Forwarding Emails using Bcc
When you get the urge to FORWARD emails, please do your friends and colleagues a favour by using the Bcc: field instead of the To: or Cc: columns.
Why? Well, did you ever get an email that was forwarded so many times that all you see when you read the message, are lines and lines of email addresses? Now imagine what happens if I am a spammer and I get one of these emails forwarded to me? Not only will I add all those emails to my database of email addresses to send junk email to, I could even probably sell it to other spammers! So, if you DON'T like receiving junk / spam in your inbox, chances are, neither does anyone else you know, so don't list their email addresses on the email you plan to forward.
I am certain you have received many emails that do not seem to have your email address in either the To: or Cc: columns - so how did it end up in your mailbox? This is how, your email address was included in the Bcc: column instead!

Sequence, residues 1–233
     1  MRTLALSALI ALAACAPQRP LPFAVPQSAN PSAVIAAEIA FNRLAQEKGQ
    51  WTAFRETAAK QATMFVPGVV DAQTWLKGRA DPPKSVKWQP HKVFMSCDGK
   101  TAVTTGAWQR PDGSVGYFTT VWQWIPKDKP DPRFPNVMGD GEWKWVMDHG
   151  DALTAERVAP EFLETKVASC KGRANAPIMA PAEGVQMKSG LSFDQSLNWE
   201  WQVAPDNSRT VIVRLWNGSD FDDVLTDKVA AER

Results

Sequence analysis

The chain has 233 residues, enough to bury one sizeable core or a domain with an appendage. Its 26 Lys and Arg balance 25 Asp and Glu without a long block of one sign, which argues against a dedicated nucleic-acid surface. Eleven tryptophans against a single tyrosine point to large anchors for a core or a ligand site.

By the way, this is mostly how junk email is sent to you - your email address is hidden in the Bcc: field when it was sent. Apparently, to lead you on to think that this email (with usually some money-making idea that's supposed to be a secret..) was mistakenly received by you - yeah right!
In Outlook Express, the Bcc: column is not viewable by default so you must follow these steps to 'activate' it:
Start Outlook Express, click on Create Mail, on the New Message, click on View and select All Headers.(see image below).
Now the same window will contain the Bcc: field like in the sample image below:
You can fill it out the Bcc: field with as many email addresses as you want.
In Outlook Express, you can send an email without filling out the To: and Cc: columns.
Some email programs though, (e.g. MS Outlook 2000) do not allow emails to be sent with an empty To: field, so just use this email address instead, firstname.lastname@example.org.
Unlike MS Outlook 2000, version 2002 / XP will allow empty To: fields in out-going emails.